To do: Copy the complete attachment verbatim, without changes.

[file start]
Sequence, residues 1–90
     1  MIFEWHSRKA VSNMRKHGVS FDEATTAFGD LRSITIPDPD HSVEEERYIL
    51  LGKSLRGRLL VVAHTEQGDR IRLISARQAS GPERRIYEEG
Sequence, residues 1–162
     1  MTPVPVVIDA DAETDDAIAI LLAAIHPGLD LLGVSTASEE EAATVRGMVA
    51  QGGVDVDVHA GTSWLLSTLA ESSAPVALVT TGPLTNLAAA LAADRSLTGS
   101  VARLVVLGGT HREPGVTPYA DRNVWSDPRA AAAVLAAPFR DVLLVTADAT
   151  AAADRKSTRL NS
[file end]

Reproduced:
Sequence, residues 1–90
     1  MIFEWHSRKA VSNMRKHGVS FDEATTAFGD LRSITIPDPD HSVEEERYIL
    51  LGKSLRGRLL VVAHTEQGDR IRLISARQAS GPERRIYEEG
Sequence, residues 1–162
     1  MTPVPVVIDA DAETDDAIAI LLAAIHPGLD LLGVSTASEE EAATVRGMVA
    51  QGGVDVDVHA GTSWLLSTLA ESSAPVALVT TGPLTNLAAA LAADRSLTGS
   101  VARLVVLGGT HREPGVTPYA DRNVWSDPRA AAAVLAAPFR DVLLVTADAT
   151  AAADRKSTRL NS